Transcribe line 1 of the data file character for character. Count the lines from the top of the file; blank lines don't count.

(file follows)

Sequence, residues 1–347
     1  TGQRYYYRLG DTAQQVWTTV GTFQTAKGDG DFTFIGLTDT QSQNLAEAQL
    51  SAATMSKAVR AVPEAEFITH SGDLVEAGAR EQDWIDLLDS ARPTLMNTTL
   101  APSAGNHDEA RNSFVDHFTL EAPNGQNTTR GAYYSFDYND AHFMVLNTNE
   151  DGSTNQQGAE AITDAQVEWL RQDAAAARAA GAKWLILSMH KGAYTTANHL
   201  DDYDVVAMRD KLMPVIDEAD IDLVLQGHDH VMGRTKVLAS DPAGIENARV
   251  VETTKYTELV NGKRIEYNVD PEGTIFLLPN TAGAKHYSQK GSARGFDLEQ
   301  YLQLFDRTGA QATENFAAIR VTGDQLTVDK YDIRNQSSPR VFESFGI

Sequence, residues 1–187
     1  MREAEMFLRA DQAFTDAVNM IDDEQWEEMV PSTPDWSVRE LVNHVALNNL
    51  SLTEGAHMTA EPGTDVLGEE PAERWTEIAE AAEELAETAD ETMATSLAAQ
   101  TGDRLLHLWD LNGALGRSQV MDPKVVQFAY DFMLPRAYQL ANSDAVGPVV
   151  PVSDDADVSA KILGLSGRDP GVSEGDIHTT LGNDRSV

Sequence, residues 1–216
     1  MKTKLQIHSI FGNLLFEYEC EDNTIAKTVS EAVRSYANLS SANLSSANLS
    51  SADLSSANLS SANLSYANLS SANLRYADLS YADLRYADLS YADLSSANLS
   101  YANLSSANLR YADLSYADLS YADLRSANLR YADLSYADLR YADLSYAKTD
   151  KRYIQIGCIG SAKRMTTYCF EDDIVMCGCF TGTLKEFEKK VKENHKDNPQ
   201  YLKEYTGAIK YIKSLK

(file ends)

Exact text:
Sequence, residues 1–347